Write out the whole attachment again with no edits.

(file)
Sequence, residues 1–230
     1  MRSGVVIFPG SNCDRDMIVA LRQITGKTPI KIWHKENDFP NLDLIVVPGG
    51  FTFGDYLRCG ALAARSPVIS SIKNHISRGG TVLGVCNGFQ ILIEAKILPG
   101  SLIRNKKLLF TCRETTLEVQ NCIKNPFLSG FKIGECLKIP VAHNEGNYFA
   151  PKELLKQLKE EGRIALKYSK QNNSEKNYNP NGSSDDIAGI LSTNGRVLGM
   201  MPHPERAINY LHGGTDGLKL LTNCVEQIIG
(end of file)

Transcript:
Sequence, residues 1–230
     1  MRSGVVIFPG SNCDRDMIVA LRQITGKTPI KIWHKENDFP NLDLIVVPGG
    51  FTFGDYLRCG ALAARSPVIS SIKNHISRGG TVLGVCNGFQ ILIEAKILPG
   101  SLIRNKKLLF TCRETTLEVQ NCIKNPFLSG FKIGECLKIP VAHNEGNYFA
   151  PKELLKQLKE EGRIALKYSK QNNSEKNYNP NGSSDDIAGI LSTNGRVLGM
   201  MPHPERAINY LHGGTDGLKL LTNCVEQIIG